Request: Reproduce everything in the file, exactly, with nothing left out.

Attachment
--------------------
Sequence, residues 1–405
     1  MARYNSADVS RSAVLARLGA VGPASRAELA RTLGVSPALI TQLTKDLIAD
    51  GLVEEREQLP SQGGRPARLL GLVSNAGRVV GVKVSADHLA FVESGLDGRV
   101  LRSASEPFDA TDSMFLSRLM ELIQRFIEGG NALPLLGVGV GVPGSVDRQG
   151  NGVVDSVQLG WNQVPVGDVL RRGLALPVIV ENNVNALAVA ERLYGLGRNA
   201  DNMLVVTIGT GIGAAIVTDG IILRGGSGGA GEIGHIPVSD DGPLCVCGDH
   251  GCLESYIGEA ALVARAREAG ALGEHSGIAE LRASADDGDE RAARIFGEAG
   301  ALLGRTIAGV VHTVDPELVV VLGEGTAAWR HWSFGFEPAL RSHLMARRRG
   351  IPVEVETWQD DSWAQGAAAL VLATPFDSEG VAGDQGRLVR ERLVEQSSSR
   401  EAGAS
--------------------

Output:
Sequence, residues 1–405
     1  MARYNSADVS RSAVLARLGA VGPASRAELA RTLGVSPALI TQLTKDLIAD
    51  GLVEEREQLP SQGGRPARLL GLVSNAGRVV GVKVSADHLA FVESGLDGRV
   101  LRSASEPFDA TDSMFLSRLM ELIQRFIEGG NALPLLGVGV GVPGSVDRQG
   151  NGVVDSVQLG WNQVPVGDVL RRGLALPVIV ENNVNALAVA ERLYGLGRNA
   201  DNMLVVTIGT GIGAAIVTDG IILRGGSGGA GEIGHIPVSD DGPLCVCGDH
   251  GCLESYIGEA ALVARAREAG ALGEHSGIAE LRASADDGDE RAARIFGEAG
   301  ALLGRTIAGV VHTVDPELVV VLGEGTAAWR HWSFGFEPAL RSHLMARRRG
   351  IPVEVETWQD DSWAQGAAAL VLATPFDSEG VAGDQGRLVR ERLVEQSSSR
   401  EAGAS